From the age of thirteen, though, when I was told the story of my birth, I knew who my Real Deliverer was.
But when I was fourteen, after both of my mother's parents had died, we stopped going to church. I call this, "The Day They Took Church Away." Our church was too far away to walk, and we had no other relatives in town.
Once the grandparents were gone, the Truth came out. My parents were non-believers. No, I did not actively persecute Christians, but I spent my childhood hearing my family scoff at the Immaculate Conception. They talked of Christians as losers who have "only God', and not much else going for them. They called Christians "hypocrites" who needed to cling to God since they were the worst sinners in our town.
Gradually, I went silent. What does one, a mere child, say to people who utter such hateful things? Particularly when such people are your family?
When the call to Convert came decades later, it hit me like a ton of bricks. Consider Acts 9, in which Saul, who became Paul, "still breathing out murderous threats against the Lord's disciples", and nearing Damascus, saw a sudden flash of light around him and fell to the ground, hearing Jesus say, 'Saul, Saul, why do you persecute me?' "
When the call came to convert, like Saul, I was in a black fog. I felt as if I could see nothing. I tried to meditate upon the merciful face of Jesus, but His face was not there. I had to rely on other Christians to assist me, to see clearly for me, to pray for me, to put their arms around me. I was in crisis. I was in immense pain.
Worse, I felt keenly, and personally, all the persecution emanating from my parents. I was (re)-living the pain of my family's hatred of Christians. Paul, himself, was thrown to the ground by the accusations of persecution, coming from the Lord Himself. It was no wonder that I took all of this so personally: Jesus did, too, and we all have Jesus inside of us.
As with Paul, it was a long road back. I was fearful of being open with my Faith. I told the priest, 'No one ever taught me to pray. No one ever prayed for me.' The priest said, 'Well, I WILL pray for you.'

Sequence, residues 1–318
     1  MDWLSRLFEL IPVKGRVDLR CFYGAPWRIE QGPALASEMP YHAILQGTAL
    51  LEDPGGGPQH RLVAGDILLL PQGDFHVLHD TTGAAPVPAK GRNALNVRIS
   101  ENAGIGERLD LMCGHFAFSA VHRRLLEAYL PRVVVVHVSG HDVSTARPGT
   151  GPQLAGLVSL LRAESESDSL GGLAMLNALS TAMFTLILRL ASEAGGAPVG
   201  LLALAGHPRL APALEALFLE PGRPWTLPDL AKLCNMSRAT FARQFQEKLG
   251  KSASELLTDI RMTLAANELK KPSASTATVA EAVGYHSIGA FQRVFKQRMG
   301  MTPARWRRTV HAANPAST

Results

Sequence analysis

I started as a baby, just as Saul, becoming Paul, had to be fed by others in order to regain his strength.
I had to learn the Christian prayers all over again, The Lord's Prayer, The Hail Mary, The Glory Be.
I kept confusing Mary, Mother of Jesus, with Mary Magdalene.
I debated which Holy Day was more important, Christmas or Easter?
I had never owned a Bible, much less read it.
I had trouble following the order of the Mass. My husband had to nudge me when to sit, stand or kneel.
I was afraid to walk up the aisle to Communion. My son had to lead the way, with my husband behind me.
My First Communion was at 6:30 a.m. Mass, when it was still dark outside and the church was practically empty.
As Paul says, "I have toiled harder than all of them." As for me, I have not had my Faith handed to me. I have had to fight for it; to nurture the tiny flame of Faith, to feed my Faith the oxygen of prayer, Scripture and church services.
My Faith is "abnormally born", not innately conferred. My Faith was borne out of the ashes of persecution and vehement non-belief. I had to start by crawling, then walking. Every once in awhile, I "fell off my horse." And so it was, with Paul.
Paul was the only apostle who did not receive Jesus when He was alive. Paul received the Risen Jesus, in a vision. He calls himself, the "least of the apostles" for this.
People look at me and they seen me as one born again. Resurrected. They see me as a miracle, considering where I started from.
They want to give ME all the credit. But, 'I am what I am' , only by the Grace of God. My path is proof, not of my OWN stellar accomplishments; but proof that, "In my weakness, I am strong." God's grace is more than sufficient for me.
When I speak of God and His Son, it is "not I, however, but the grace of God that is in me."
IF you believe in my transformation, you believe in God. IF you believe in God, you will see HIM in my transformation.
I am the most unlikely of Christians. But, "whether it be I, or they [Christians from birth], so we preached and so you believed." Yes, I, the least likely of Christians, has been given my voice. And, my Faith reaches all around the globe!
[Related Postings: "Recipe For a Saint", Nov. 21, 2013].
(Spiritual Devotional 2016. All Rights Reserved.